Mediocre mixing ruins songs. Don’t let good songs go to waste – get a complete mixing education with Isaac Cotec in Mixing Electronic Music In Ableton Live.

Isaac, better known as Subaqueous, is an Ableton Certified Trainer who’s been making electronic music in Ableton since 2002. In this class, he’ll discuss the why behind the how of mixing and help you make better decisions during every step of your mixing process. 

You’ll learn about:

  • Setting up your studio: monitors, acoustic treatment, etc
  • Routing and gain structure
  • Dynamic range and compression
  • Advanced EQing and spatial placement
  • Adding color and dimension: reverb, delay, and effects
  • Basics of mastering in Live


Isaac will show you how to zoom out and take conceptual control over the mix and then zero in on the steps it’ll take to get there.

Mixing Electronic Music In Ableton Live will get you up-to-speed on the why and the how of mixing so you never degrade another song again.

Includes Isaac's complete mixing example set in Ableton with all examples of compression, eq, track setup and panning along with the frequency worksheet of instrument placement, a pdf on sharing tracks with others and a pdf on mixing in Ableton Live. Over 1GB in total!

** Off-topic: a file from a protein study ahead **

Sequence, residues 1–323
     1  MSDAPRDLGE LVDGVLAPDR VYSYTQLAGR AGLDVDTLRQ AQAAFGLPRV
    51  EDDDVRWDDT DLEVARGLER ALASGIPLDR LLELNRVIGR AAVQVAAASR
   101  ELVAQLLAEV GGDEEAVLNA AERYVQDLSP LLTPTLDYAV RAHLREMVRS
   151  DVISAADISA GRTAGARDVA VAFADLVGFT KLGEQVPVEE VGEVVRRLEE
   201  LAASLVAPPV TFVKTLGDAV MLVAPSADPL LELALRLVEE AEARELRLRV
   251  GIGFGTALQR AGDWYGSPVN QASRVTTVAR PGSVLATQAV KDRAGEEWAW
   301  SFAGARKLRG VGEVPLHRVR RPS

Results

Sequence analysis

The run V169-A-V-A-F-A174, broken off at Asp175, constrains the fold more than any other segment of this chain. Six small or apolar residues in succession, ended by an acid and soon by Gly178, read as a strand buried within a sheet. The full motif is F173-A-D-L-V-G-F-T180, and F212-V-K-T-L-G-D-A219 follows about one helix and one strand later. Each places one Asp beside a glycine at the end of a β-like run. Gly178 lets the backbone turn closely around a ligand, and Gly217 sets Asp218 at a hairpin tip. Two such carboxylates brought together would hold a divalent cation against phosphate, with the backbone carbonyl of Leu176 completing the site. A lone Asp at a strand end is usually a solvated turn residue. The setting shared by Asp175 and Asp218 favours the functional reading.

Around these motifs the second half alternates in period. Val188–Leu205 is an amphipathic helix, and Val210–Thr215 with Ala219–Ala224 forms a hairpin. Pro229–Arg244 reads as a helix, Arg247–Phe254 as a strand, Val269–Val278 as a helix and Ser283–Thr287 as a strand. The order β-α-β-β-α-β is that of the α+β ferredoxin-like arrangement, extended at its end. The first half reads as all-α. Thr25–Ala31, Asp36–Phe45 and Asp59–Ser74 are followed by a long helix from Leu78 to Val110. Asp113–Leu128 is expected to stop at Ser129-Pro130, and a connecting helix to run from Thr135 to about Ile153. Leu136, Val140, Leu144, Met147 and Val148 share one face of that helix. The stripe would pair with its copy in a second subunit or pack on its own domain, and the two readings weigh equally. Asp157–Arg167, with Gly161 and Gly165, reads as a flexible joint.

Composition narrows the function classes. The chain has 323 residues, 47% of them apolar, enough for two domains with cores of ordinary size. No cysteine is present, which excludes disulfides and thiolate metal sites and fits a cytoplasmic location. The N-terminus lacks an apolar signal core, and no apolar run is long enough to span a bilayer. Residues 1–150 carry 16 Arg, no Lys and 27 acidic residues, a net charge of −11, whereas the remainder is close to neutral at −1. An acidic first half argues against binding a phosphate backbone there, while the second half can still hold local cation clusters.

Reviews

a Creativelive Student
 

Excellent Course, Isaac Cotec is a great instructor and a great producer. The course is very well organized explaining each important step of the mix. as well as great tips and techniques. He also includes a great deal of support material with the course including an Ableton Live Pack with tons of great presets and tools to put to practice the knowledge acquired in the course.

a Creativelive Student
 

Isaac covers an amazing amount of material in a clear and concise way. Great intro to mixing with Ableton or review for the intermediate user who wants to solidify their best practices, DAW knowledge as well as gain some production tips.

Ian turner
 

this is the best thing money can buy in my life. Isaac makes it look easy and the way he teaches makes you understand everything and makes it easy for you as well. its exactly what i wanted to learn in each video! i cant even sleep because another video loads and im like "ohhhh i need it" lol. i thank god for this class being affordable and the real deal.